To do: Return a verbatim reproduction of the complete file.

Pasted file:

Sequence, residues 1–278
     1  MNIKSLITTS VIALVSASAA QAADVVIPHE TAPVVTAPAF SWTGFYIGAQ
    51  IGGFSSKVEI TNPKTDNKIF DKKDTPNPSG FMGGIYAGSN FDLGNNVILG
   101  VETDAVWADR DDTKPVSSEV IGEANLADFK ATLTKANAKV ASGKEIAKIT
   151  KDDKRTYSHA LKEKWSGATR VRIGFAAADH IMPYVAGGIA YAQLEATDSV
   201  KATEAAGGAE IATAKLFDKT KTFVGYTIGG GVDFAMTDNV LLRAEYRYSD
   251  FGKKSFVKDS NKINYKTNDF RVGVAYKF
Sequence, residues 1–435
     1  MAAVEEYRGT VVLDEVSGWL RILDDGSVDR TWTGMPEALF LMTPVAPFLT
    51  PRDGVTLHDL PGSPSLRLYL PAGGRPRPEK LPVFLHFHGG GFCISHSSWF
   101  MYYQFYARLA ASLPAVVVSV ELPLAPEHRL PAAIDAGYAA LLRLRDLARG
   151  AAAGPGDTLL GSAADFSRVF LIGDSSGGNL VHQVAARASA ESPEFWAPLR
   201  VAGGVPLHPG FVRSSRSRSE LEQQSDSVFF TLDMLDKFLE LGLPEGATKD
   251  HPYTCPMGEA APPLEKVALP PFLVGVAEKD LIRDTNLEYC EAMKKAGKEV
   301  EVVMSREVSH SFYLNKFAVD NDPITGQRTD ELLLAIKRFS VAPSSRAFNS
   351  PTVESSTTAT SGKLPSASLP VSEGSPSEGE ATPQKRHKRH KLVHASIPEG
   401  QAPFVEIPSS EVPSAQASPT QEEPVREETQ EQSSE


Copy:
Sequence, residues 1–278
     1  MNIKSLITTS VIALVSASAA QAADVVIPHE TAPVVTAPAF SWTGFYIGAQ
    51  IGGFSSKVEI TNPKTDNKIF DKKDTPNPSG FMGGIYAGSN FDLGNNVILG
   101  VETDAVWADR DDTKPVSSEV IGEANLADFK ATLTKANAKV ASGKEIAKIT
   151  KDDKRTYSHA LKEKWSGATR VRIGFAAADH IMPYVAGGIA YAQLEATDSV
   201  KATEAAGGAE IATAKLFDKT KTFVGYTIGG GVDFAMTDNV LLRAEYRYSD
   251  FGKKSFVKDS NKINYKTNDF RVGVAYKF
Sequence, residues 1–435
     1  MAAVEEYRGT VVLDEVSGWL RILDDGSVDR TWTGMPEALF LMTPVAPFLT
    51  PRDGVTLHDL PGSPSLRLYL PAGGRPRPEK LPVFLHFHGG GFCISHSSWF
   101  MYYQFYARLA ASLPAVVVSV ELPLAPEHRL PAAIDAGYAA LLRLRDLARG
   151  AAAGPGDTLL GSAADFSRVF LIGDSSGGNL VHQVAARASA ESPEFWAPLR
   201  VAGGVPLHPG FVRSSRSRSE LEQQSDSVFF TLDMLDKFLE LGLPEGATKD
   251  HPYTCPMGEA APPLEKVALP PFLVGVAEKD LIRDTNLEYC EAMKKAGKEV
   301  EVVMSREVSH SFYLNKFAVD NDPITGQRTD ELLLAIKRFS VAPSSRAFNS
   351  PTVESSTTAT SGKLPSASLP VSEGSPSEGE ATPQKRHKRH KLVHASIPEG
   401  QAPFVEIPSS EVPSAQASPT QEEPVREETQ EQSSE